MiniMarmite Tue 04-May-10 19:04:33

Thanks for that tip Giagindi - sounds like I'd better start looking into it now! As you say, with any luck the company will help us out but definitely want to make sure we will all be able to go over at the same time as I am 10 weeks pregnant and we already have a DS.

Does anyone know what happens about the requirement for chest X-rays for visas if you are pregnany when applying?

helenv2010 Sat 27-Nov-10 21:32:22

Hi everyone, I have found this all very useful but thought i'd share my issue with you and se if you could advise. I am moving to Sydney (Im a UK citizen) in February with my husband under a 457 visa. Thing is, i will be 32 weeks pregnant AND I have been advised in the UK to have a caesarian (we had our first one that way as a result of complications). I assume i will be able to sign up for Medicare but will I be able to get a C-Section too? Helen

PipPipPip Sun 28-Nov-10 11:40:04

Hi there, I just want to say congrats and 'lucky you'!

I'm Australian but will be having my first baby in the UK. I've had fab medical care here in the UK but am jealous of you bringing up a baby with open spaces and blue skies.

Australian medical care is world-class, so please rest assured that you'll be well looked after even in public system. Good luck and bon voyage.

chloeb2002 Sun 28-Nov-10 21:05:53

Hello i had dd here (that was sydney) on a tourist visa.. long story and ds i was 5 months pregnant when we arrived and immigration knew as i couldnt have my chest xray and was pregnant at my medical. all my care was covered by medicare. Ds i had scans every 2 weeks from 26 weeks as he was big then had some complications and also had a fetal MRI at 36 weeks, .. all covered 100% by medicare. as long as your practioner feels you need the scans etc they are covered. you cannot just request extra scans etc.. but even now we are residents and expecting dc #3 we couldnt request scans! although again we get extras done.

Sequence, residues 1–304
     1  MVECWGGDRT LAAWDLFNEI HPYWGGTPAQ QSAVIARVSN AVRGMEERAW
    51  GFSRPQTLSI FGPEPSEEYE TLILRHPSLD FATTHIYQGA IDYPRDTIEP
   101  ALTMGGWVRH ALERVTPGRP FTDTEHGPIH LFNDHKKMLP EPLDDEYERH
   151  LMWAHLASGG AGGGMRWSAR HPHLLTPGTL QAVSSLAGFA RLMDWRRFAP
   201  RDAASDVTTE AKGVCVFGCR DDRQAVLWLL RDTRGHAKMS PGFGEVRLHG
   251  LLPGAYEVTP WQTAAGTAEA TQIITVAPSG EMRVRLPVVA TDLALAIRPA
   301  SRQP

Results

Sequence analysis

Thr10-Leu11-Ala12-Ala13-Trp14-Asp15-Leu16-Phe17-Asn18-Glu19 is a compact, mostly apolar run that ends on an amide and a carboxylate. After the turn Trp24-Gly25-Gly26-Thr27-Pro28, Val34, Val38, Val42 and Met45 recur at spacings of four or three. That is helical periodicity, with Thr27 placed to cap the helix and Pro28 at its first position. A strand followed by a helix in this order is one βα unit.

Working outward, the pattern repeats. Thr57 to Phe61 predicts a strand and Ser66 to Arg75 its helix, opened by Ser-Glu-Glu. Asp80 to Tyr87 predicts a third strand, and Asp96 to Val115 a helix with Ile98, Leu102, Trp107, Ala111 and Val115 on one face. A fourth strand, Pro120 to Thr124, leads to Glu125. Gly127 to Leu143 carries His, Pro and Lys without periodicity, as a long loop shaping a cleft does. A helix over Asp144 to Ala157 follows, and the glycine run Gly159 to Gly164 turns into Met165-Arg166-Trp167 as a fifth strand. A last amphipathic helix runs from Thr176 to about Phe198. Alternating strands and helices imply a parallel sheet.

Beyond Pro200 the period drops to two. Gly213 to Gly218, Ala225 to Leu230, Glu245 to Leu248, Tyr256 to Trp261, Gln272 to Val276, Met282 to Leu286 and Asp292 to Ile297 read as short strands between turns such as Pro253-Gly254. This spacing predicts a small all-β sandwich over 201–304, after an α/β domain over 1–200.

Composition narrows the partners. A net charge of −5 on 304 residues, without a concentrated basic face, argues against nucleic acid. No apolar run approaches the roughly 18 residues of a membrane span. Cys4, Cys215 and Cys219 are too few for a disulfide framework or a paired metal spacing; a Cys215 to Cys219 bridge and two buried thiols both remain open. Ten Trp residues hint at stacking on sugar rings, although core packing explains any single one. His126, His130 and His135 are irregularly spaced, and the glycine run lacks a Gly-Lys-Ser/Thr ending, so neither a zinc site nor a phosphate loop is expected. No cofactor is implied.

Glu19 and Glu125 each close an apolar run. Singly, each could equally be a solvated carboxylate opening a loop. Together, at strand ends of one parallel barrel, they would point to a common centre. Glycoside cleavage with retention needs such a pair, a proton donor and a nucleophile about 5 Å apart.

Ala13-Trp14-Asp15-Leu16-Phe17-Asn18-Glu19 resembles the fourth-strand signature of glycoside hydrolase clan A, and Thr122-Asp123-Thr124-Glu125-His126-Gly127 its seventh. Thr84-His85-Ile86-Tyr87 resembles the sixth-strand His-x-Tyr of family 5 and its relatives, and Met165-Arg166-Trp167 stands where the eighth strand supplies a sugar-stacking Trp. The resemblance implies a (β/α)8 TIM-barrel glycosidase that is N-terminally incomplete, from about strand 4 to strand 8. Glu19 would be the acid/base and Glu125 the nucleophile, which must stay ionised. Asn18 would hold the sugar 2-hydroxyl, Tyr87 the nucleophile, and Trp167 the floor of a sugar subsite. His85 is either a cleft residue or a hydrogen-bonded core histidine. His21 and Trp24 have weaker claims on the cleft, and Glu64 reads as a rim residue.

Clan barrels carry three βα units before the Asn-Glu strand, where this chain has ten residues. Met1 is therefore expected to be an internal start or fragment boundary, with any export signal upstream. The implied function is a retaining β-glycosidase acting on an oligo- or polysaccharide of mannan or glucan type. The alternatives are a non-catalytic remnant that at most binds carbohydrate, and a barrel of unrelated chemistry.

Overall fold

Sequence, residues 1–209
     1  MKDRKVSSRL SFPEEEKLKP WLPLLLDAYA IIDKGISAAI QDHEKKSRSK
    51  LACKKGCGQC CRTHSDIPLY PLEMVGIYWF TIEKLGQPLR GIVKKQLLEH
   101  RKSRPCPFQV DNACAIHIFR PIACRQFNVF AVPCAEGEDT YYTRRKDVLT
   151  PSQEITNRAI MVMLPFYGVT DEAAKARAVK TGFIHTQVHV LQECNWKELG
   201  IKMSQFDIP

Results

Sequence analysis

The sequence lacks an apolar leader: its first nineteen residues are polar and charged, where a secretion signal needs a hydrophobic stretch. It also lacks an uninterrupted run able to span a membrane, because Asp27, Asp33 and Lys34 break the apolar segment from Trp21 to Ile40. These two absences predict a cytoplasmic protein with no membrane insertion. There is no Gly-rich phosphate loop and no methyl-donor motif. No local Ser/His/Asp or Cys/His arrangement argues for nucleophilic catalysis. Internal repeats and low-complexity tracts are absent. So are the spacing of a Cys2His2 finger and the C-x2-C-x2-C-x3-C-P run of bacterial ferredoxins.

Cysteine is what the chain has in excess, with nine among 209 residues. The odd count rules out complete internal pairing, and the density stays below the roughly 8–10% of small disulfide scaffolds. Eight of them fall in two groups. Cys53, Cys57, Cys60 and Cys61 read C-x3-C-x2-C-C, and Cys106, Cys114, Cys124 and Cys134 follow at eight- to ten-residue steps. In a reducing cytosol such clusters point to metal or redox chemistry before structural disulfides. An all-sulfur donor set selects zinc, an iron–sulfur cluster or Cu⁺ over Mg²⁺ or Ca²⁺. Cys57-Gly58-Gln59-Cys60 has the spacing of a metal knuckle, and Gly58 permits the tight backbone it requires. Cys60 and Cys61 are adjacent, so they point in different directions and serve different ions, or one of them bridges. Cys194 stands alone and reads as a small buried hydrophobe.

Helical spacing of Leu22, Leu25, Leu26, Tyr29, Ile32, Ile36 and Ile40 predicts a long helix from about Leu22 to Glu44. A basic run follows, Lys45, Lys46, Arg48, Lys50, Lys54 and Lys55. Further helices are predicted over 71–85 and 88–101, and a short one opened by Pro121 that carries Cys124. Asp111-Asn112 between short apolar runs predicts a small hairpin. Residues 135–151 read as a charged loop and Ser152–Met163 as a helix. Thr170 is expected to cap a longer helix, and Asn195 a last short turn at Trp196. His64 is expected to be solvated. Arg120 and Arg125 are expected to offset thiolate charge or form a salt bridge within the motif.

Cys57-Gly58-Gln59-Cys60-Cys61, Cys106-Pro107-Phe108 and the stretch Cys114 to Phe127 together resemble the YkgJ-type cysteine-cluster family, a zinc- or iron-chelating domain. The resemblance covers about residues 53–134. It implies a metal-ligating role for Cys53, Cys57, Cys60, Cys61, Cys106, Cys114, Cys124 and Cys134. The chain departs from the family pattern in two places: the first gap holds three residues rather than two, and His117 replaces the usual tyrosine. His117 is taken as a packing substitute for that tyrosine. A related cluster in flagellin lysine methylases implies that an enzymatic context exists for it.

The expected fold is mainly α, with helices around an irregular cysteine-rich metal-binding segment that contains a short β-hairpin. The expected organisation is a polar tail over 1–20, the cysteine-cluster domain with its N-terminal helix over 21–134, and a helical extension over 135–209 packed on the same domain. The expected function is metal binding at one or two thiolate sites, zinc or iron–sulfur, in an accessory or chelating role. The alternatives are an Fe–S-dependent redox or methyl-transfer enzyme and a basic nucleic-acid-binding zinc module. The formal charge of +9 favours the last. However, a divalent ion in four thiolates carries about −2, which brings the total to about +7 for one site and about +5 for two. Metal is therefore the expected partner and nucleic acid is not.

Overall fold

As soon as both children are born they are covered by medicare alos, yet you canot claim till you have a passport for them... so you may have to pay bills , keep them and claim back.

Good luck!

chloeb2002 Sun 28-Nov-10 21:08:32

Helenv2010. like any health system they will offer you a Elective LSCS if your condition requires it. As you had one you will be offered another but also be offered a VBAC if it is not contra indicated as generally there is a shorter recovery etc from a VBAC.They will not force you to have one tho!

chloeb2002 Sun 28-Nov-10 21:12:28

chest marmite... as i mentioned above i was granted my visa subject to attending a chest xray after bubs delivery. It was no drama and was also free at this end!
Ive realy found no differnce between our reciprocal health care and full medicare. Ds has had multiple MRI's and tests.. all covered as they are needed while we were here. Now we have full medicare i guess id better put my name down for a new hip or something elective.. just because i can!

Lindsayt173 Tue 12-Jul-11 08:58:33

I am currently going through the process of the 457 visa with my husband in a planned relocation to QLD.
I have been following this thread and think you have answered most of my worries.
I am from the UK, and while not pregnant yet I hope to be soon, and should be be covered with reciprical medicare at little to no cost once we apply upon entering Australia? Is this correct?
However, the visa states we need to show proof of healthcare cover for Australia (I assume private) before the visa will be processed. I wonder if anyone can advise on the level of cover to get / which companies are the best?
I have recently been diagnosed with PCOS and do not want to stop the process of trying to concieve, does anyone know if I will be covered for a gynaecologyst through the public healthcare with Medicare?
I'd really appreciate some help, Lindsay